A subsidiary of the giant construction company Grocon was fined $250,000 in the Melbourne Magistrates Court on November 21 for “failing to ensure a safe workplace”. The charge related to the deaths of three people when a wall collapsed in March last year. The wall blew over in a strong wind and fell onto a footpath in Swanston Street, Carlton. An advertising hoarding attached to the wall may have contributed to the collapse. However, the wall was in such poor condition that it may have fallen over anyway.
Sinnathamby Krishnarajah was arrested on October 25, in Kilinochchi, a town in the north of Sri Lanka. His “crime” was to photocopy forms printed from the internet to be used for making affidavits to a United Nations investigation of war crimes committed during the war between the Sri Lankan government and the Liberation Tigers of Tamil Eelam (LTTE). The LTTE, which had been fighting for an independent Tamil state in the north and east of the island, were defeated in May 2009. Since then, Tamil areas have been under military occupation by the Sri Lankan army.
The Court of Justice of the European Union has annulled the EU’s ban on the Liberation Tigers of Tamil Eelam. The ban was imposed in 2006. The Council of the EU claimed that the LTTE, which had waged an armed struggle for an independent Tamil homeland against the Sri Lankan state, was a terrorist organisation. After its military defeat in May 2009, the LTTE no longer exists in its original form of an armed independence movement. However, the continued ban on the LTTE has restricted the peaceful political activities of Tamils campaigning for human rights and national self-determination.
Yet again, the Fair Work Building Industry Inspectorate (a federal government body set up to attack unions in the building industry) has launched legal action in the Federal Court against the Construction Forestry Mining Energy Union (CFMEU). The inspectorate said on September 12 that CFMEU organiser Theo Theodorou was alleged to have told the director of a demolition company wishing to work at a Carlton building site that: “as [the demolition company] is working in the city, it needs to obtain an enterprise agreement with the CFMEU for its employees”.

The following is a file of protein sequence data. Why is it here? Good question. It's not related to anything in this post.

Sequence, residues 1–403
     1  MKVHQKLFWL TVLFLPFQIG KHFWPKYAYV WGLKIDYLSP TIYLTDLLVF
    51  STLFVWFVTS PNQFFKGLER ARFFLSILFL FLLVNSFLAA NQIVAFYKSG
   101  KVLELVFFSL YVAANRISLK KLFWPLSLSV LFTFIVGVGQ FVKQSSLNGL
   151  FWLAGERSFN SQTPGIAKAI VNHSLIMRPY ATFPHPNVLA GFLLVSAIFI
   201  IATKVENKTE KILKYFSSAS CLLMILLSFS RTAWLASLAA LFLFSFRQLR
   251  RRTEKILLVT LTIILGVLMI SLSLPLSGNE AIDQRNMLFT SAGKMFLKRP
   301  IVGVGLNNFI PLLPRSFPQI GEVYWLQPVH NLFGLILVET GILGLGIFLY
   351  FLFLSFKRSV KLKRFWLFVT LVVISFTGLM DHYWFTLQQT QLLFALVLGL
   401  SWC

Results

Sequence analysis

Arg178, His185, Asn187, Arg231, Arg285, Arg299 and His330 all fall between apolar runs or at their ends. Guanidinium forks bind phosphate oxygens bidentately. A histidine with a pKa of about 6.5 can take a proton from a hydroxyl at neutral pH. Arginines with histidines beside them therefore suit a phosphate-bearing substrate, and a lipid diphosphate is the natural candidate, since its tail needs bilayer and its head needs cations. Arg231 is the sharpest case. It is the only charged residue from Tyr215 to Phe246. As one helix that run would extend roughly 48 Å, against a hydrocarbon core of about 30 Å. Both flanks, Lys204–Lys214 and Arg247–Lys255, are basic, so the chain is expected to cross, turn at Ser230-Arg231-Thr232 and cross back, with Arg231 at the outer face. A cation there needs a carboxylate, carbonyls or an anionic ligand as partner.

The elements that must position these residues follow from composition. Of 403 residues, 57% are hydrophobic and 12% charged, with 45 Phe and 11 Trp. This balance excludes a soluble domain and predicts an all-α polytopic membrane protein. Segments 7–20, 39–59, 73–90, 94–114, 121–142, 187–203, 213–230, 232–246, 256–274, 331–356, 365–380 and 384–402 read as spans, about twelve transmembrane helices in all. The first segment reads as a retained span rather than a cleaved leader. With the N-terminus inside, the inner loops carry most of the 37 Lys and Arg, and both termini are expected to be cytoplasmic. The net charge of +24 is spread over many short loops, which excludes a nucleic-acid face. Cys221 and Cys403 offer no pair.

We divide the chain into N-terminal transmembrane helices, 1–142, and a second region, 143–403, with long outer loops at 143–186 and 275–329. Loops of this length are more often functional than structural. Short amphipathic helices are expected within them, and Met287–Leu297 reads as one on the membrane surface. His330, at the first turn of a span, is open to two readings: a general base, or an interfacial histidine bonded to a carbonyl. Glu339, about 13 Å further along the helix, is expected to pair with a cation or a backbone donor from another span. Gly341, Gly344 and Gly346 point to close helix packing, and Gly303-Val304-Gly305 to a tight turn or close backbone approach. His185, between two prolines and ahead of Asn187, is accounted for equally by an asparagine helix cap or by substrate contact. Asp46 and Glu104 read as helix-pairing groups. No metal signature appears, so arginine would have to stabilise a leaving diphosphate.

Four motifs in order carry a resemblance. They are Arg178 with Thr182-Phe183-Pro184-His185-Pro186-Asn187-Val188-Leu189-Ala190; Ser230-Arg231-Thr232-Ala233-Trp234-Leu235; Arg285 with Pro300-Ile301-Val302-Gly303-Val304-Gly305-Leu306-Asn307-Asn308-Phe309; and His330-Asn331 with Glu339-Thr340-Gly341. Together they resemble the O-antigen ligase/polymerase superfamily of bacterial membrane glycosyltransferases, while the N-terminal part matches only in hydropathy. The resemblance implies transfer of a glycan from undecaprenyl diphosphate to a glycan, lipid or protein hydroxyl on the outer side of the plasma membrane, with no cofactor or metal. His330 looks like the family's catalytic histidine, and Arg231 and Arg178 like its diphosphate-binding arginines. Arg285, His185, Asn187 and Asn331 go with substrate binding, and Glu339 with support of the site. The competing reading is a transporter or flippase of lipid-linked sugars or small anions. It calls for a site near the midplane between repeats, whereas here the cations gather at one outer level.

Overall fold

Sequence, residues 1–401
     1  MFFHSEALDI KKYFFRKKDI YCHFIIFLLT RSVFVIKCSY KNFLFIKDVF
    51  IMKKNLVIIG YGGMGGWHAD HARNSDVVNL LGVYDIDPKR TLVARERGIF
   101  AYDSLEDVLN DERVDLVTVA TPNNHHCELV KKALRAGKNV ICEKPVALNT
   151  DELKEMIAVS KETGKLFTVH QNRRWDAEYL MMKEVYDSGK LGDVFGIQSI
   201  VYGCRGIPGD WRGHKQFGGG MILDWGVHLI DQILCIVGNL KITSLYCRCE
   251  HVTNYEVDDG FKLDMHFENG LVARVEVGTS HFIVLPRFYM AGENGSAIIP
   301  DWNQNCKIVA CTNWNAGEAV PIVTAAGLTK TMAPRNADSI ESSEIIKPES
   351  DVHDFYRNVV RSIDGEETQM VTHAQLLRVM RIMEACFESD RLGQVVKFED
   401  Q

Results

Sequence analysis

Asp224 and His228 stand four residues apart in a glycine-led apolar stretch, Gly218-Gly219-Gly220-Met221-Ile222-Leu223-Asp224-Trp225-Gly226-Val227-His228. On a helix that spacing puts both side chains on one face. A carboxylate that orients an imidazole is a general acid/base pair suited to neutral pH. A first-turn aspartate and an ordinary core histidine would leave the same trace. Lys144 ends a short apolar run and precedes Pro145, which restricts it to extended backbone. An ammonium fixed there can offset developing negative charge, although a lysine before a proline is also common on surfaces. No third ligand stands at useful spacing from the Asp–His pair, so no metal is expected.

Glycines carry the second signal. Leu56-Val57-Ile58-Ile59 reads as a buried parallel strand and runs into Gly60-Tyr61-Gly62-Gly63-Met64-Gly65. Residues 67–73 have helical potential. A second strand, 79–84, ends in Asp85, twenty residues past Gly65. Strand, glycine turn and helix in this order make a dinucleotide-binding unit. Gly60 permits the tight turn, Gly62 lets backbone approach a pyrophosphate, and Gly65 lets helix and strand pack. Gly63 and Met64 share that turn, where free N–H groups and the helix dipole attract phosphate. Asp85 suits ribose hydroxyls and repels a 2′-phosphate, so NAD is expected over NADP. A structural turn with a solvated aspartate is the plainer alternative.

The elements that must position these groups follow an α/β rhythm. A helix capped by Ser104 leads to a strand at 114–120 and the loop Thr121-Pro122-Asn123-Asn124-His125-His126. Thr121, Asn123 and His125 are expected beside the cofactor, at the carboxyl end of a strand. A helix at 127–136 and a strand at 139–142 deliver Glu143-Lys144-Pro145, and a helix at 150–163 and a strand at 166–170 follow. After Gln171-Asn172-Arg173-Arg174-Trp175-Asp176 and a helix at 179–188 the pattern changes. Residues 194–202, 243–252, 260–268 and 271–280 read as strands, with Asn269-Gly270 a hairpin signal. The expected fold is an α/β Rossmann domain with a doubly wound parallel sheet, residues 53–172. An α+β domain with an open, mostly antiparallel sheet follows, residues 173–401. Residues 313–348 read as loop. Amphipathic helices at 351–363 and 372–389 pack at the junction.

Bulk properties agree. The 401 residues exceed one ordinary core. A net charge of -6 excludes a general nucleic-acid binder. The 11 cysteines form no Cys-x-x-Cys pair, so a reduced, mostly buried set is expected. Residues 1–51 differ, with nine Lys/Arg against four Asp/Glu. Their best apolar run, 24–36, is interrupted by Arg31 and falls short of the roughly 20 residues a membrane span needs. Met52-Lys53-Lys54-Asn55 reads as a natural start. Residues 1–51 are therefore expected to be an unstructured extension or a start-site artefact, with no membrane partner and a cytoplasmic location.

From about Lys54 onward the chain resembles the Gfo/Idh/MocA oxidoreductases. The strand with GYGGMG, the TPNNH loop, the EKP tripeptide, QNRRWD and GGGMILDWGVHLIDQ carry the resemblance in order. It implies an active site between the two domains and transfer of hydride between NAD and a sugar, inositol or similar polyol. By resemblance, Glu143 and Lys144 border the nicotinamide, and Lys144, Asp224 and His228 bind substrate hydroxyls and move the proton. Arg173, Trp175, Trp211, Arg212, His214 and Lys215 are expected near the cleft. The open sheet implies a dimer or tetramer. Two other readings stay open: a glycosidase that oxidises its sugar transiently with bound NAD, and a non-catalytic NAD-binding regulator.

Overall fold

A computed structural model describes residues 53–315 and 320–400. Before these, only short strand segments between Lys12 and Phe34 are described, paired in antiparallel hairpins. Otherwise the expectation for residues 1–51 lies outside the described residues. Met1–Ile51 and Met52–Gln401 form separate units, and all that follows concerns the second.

The Liberation Tigers of Tamil Eelam (LTTE) fought for an independent Tamil homeland in the north and east of the island of Sri Lanka. The group was formed in response to discrimination against the Tamil people by the Sri Lankan government, after peaceful protests had been repeatedly met with violent repression. It waged an armed struggle for nearly three decades. The LTTE was militarily defeated in 2009, and no longer exists. Yet people are still being penalised for alleged links with the group. This is happening in Sri Lanka, in Australia, and in other countries.
Was I a Stranger in My Homeland? By Malavi Sivakanesan Xlibris, 2013 Malavi Sivakanesan was eight years old in 2003 when her father, a Tamil dentist living in exile in Norway, went back to his homeland in Sri Lanka to set up a mobile dental clinic. He not only carried out dental work himself, but also trained local people to continue after he left. At the time, there was a ceasefire between the Sri Lankan government and the Liberation Tigers of Tamil Eelam.
During a recent visit to China, Sri Lankan president Mahinda Rajapaksa signed an agreement to give China 1200 acres of land in the Trincomalee area on a long term lease for “defence-related development”. Part of this land is occupied by temples, mosques, schools and houses. The Tamilnet website said about 450 families will lose their homes. Those affected are mainly Tamil-speaking Muslims. China’s plans for the area are unknown. However, Trincomalee’s renowned natural harbour, situated on the north-east coast of the island of Sri Lanka, was used as a naval base by the British.
Journalist Nic Maclellan spoke at a public meeting in Melbourne on July 10 about his visit to New Caledonia to observe the May 11 elections. Maclellan said New Caledonia was colonised by France in 1853. Indigenous Kanaks have been reduced to a minority in their own country. Kanaks are now 44% of the population. In addition to settlers from France itself, there are also people from other French colonies in the Pacific (Tahiti, Wallis and Futuna), as well as people whose ancestors came from former French colonies such as Vietnam and Algeria.